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10 Promising Biomedical Advances in Human Embryonic Stem Cell Research

neural stem cellsSince the isolation of human embryonic stem cells, or hESCs, in 1998 (see the timeline: A Brief History of Stem Cell Research), scientists around the country have made significant strides laying the groundwork for clinical treatments. In January, the FDA approved the first clinical trial for a potential therapy, a treatment for spinal cord injuries. And today, President Obama lifted the Bush administration’s restrictions on on federal funding of research involving human embryonic stem cells.

The path from discovery to cure is long, as researchers like stem cell pioneer and Science Progress adviser John Gearhart point out. But with access to federal competitive grant money for responsible, ethical research projects, scientists can continue the work that will help us fully understand human development and fulfill the promise of regenerative medicine. With today’s change in policy, that can happen here in the United States. As we look forward a bright future of scientific discovery, here’s a glance back at some major advances in human embryonic stem cell research around the world over the past few years:

January 20th, 2009: Researchers produced massive volumes of “universal donor” type O-negative blood from human embryonic stem cells, potentially making blood donation a thing of the past.

December 5th, 2008: Harvard scientists created spinal motor neurons from hESCs, and were able to replicate the ALS, or Lou Gehrig’s disease, process in a Petri dish.

September 8th, 2008: Neural cells derived from hESCs showed effectiveness at reducing the clinical systems of multiple sclerosis in animals.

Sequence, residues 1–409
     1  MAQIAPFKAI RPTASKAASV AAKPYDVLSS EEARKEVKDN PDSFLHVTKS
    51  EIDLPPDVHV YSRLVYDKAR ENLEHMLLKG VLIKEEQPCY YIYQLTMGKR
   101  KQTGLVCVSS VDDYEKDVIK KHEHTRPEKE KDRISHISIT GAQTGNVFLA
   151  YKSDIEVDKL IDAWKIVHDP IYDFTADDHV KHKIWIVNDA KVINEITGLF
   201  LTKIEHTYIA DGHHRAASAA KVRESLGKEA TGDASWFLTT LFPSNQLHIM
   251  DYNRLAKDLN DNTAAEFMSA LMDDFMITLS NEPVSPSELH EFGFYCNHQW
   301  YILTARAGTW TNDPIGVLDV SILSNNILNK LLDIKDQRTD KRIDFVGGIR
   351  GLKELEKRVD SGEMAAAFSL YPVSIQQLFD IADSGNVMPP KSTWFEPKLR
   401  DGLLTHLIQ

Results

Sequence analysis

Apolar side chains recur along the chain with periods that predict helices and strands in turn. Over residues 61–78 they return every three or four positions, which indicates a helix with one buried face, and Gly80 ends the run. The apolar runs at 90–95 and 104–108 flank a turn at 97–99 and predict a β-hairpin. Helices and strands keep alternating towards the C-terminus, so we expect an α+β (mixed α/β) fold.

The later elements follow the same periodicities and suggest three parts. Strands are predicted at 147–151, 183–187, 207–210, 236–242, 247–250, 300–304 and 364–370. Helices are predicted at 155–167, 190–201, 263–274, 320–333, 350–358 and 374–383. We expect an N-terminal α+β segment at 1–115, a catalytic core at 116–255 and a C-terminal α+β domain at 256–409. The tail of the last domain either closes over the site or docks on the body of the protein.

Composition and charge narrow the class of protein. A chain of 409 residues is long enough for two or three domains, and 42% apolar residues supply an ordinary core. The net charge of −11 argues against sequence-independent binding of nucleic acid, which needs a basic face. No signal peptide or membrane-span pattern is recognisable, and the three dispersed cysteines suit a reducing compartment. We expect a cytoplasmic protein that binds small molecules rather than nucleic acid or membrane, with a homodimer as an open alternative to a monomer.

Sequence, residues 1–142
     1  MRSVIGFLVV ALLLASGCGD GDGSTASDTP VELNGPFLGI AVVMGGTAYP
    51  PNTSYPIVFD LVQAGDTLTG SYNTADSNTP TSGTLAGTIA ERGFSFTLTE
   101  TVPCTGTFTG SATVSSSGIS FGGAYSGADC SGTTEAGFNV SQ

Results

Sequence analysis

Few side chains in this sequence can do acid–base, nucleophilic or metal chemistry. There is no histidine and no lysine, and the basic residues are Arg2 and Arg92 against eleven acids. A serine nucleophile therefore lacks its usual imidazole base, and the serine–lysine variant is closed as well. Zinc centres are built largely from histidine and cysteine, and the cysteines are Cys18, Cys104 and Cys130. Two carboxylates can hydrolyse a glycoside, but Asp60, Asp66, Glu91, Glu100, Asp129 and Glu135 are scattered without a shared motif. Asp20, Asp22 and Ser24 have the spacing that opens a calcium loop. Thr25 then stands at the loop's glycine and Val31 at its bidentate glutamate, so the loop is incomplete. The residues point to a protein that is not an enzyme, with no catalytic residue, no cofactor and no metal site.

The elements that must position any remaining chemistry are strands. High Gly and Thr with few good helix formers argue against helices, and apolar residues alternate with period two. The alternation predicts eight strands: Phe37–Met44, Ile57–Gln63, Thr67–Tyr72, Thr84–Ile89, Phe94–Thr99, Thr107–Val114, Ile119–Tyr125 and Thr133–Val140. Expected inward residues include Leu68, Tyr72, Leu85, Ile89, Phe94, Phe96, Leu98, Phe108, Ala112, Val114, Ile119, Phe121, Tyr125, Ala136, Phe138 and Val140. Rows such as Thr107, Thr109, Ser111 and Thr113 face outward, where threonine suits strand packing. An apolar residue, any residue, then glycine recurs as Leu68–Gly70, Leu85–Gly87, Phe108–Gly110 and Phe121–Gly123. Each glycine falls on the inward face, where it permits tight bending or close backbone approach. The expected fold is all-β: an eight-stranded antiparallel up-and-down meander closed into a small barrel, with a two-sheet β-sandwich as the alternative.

March 15th, 2008: Scientists developed a way to convert human embryonic stem cells into dopamine-producing nerve cells, holding great promise for therapy for Parkinson’s disease.

February 21st, 2008: Scientists at Novocell, Inc. created insulin-producing islet cells from human embryonic stem cells that effectively controlled insulin levels in diabetic mice.

January 31st, 2008: Scientists coaxed hESCs into functional hepatocytes (liver cells) that may be used for treatment of liver diseases.

September 21st, 2006: Vision was improved in rats suffering from a disease similar to age-related macular degeneration with the injection of human embryonic stem cells into the retina.

July 14th, 2006: UCLA Aids Institute researchers used hESCs to create lines of mature T-cells that could fight viruses like HIV, which destroys certain types of T-cells.

October 12th, 2005: Scientists used hESCs to create cancer-killing cells.

September 24th, 2004: Scientists in Israel derived fully functional cardiomyocytes (heart cells) from human embryonic stem cells, paving the way for hESC-derived pacemakers and heart tissue repair.

For more on a responsible and ethical stem cell research policy, see the Center for American Progress report, “A Life Sciences Crucible.”

Image: Ronald Kalil, University of Wisconsin-Madison

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